Our clothing attracts a huge amount of pollen from outside. And, of course, we bring this into our homes. While there isn’t too much you can do about this, you can mitigate the effects by changing your clothes every time you come home. But when it comes to mites — and their droppings/carcasses — your washing machine is your first line of defence.
According to a recent study, bedsheets washed at 140F killed 100 percent of the mites living on them. When the sheets were washed at 104F, less than seven percent of the critters were killed. If you can, washing bedding and clothing at the highest possible temperature.
5. House plants
House plants may look fantastic in your home, but they could be making you ill. A recent study revealed that three-quarters of hayfever sufferers were allergic to house plants. The biggest offenders are ivy, palm, orchids, ferns, ficus and yucca. If you have a pollen allergy, don’t bring these plants into your home. Stick to the artificial variety. Just make sure you vacuum them regularly, as they can harbour a lot of dust.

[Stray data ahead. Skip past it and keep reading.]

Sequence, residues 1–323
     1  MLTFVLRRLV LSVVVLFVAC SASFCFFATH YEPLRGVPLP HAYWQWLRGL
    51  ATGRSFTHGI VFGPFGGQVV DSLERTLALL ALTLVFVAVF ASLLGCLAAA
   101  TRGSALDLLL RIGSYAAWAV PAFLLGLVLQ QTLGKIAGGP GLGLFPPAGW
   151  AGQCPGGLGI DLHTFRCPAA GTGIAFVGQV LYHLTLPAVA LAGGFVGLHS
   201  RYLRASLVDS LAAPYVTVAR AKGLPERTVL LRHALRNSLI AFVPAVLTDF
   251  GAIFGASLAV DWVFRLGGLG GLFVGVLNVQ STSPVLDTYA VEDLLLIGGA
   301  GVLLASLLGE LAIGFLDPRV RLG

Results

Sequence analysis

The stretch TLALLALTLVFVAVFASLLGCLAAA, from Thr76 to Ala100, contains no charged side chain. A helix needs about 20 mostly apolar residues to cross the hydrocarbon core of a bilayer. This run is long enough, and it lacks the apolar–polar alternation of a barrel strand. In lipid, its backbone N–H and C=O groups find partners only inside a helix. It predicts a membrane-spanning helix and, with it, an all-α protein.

6. Humidifiers aren’t always an allergy sufferer’s friend
For the right person, a humidifier can provide relief from certain allergies and breathing difficulties. But depending on the local climate and the exact nature of your problem, a humidifier could exacerbate your symptoms.
Higher humidity levels make mould accumulations more likely. And mould spores can trigger a wide range of allergic reactions and breathing problems. Dust mites also flourish in warm, humid conditions, so it’s important to control the temperature in your home if you’re adding moisture to the air.
7. Your wine rack
If you like the odd glass of red wine at home, you need to know that your love of the grape could exacerbate some of your allergy symptoms. There are several substances in red wine that can trigger reactions, including yeast, bacteria and sulphites. The skin of red grapes also contains high levels of the known allergen LTP — responsible for a wide range of cold-like symptoms. And if all that’s not worrying enough, alcohol increases the flow of blood in and around the nose. This can make any wine-related symptoms you suffer even worse.
8. Your shoe rack
A shoe rack is a great way to minimise clutter at your front door — but it could be doing more harm than good. We track a lot of pollen into our homes via the shoes we wear. And storing them neatly on a rack won’t solve the issue. Take shoes off BEFORE you enter your home. Wrap them in a plastic bag, and store them in an airtight container.